Sunday, October 9, 2016

Capital Markets In the Week Ahead: It's Not about the Data

From Marc to Market:
High frequency economic reports will be not be among the key drivers of the capital markets in the week ahead. The light schedule, consisting mostly of industrial production in Europe, inflation for Scandinavia, and US retail sales, will have minimal impact on rate expectations.  

A November rate Fed move was never very likely.  The September employment report needed to be amazingly strong to boost the chances, and it was not.  To overcome tradition, and the logistical difficulty of arranging a unscheduled press conference, without word leaking out, a greater sense of urgency would need to be present.  Recent comments by the Fed's leadership, especially most recently Fischer and Dudley expressed no such thing.  

Our own calculation based on the November Fed funds futures contract that the market is discounting about a 7% chance of a hike on November 2.  The CME puts the odds a little above 10%, while Bloomberg has it at 17%.   The most important real sector data in the week ahead is the retail sales report.  Like the employment data, a solid even if not spectacular retail sales report is expected.  American households are not shopping like they did in Q2 when consumption rose 4.3% at an annualized pace, but a 2.8%-3.0% rate should be sufficient to lift growth above what the Fed now estimates as trend (1.8%).

German, French, and Spanish industrial output were released before the weekend, and each was better than expected, suggesting a robust aggregate report.  The ordoliberalism that Draghi acknowledges is part of the ECB's DNA does not see monetary policy as a tool to stimulate growth.  It is primarily to regulate the general price level.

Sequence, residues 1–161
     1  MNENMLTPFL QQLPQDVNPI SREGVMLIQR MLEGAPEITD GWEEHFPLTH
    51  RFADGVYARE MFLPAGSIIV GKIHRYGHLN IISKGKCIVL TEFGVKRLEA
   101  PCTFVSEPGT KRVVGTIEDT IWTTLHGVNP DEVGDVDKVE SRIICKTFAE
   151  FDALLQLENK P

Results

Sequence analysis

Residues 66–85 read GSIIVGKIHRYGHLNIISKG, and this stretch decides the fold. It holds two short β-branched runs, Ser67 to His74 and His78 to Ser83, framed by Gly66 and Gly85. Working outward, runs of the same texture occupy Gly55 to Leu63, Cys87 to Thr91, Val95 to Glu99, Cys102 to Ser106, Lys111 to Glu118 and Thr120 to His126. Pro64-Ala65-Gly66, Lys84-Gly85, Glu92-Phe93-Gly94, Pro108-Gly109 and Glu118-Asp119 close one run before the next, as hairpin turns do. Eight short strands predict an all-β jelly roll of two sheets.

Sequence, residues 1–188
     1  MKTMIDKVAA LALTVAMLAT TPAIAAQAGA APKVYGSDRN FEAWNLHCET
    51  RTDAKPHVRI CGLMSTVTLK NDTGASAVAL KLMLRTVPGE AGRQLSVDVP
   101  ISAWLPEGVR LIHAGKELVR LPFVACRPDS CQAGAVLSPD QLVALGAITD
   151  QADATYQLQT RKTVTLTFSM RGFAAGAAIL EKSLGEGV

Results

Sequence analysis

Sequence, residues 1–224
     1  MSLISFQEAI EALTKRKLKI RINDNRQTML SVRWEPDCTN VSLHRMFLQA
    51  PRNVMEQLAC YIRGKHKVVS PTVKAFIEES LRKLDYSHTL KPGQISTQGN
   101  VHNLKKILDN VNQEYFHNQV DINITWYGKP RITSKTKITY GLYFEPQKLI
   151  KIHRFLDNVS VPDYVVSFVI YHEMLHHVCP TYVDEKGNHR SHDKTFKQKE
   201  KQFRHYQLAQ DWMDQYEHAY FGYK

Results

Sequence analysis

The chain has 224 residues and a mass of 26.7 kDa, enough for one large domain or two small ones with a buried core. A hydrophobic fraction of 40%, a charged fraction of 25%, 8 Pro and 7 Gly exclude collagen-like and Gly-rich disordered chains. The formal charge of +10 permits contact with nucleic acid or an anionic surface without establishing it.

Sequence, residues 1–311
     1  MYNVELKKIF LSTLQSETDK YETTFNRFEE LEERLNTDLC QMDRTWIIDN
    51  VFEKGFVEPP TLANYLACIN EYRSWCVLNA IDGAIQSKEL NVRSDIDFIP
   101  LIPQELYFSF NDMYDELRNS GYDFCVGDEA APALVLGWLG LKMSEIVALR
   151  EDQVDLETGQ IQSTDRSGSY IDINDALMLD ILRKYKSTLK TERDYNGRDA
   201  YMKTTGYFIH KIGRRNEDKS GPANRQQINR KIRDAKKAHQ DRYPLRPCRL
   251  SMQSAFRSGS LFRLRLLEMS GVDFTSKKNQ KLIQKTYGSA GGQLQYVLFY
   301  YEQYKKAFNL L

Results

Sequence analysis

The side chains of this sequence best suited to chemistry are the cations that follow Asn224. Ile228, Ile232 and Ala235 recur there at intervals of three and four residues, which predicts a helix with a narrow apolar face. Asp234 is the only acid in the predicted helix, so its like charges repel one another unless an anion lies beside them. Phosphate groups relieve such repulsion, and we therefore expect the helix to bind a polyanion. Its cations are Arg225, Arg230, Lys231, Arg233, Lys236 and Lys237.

Draghi had also indicated that the asset purchases would not stop abruptly.  This meant it seemed that the ECB would decide to taper its purchases, like the Fed, did in QE3, rather than stop them cold. The press report confirmed that.  We are skeptical in reading any more into it.  There was no indication that the ECB was considering an early exit, and indeed, the original report acknowledged that the 80 bln euro a month asset purchases could be extended.  

We suspect there is reasonably strong chance that the asset purchases are extended beyond the current soft end date of March 2017.  Risks are still biased to the downside.  However, even if it decides to taper after March, that would still imply purchases all next year, and the likely need to modify its self-imposed rules to ensure minimal disruption via shortages of particular instruments. The least controversial measure may be to have the deposit rate (minus 40 bp) yield floor apply to portfolio averages rather than individual instruments....MORE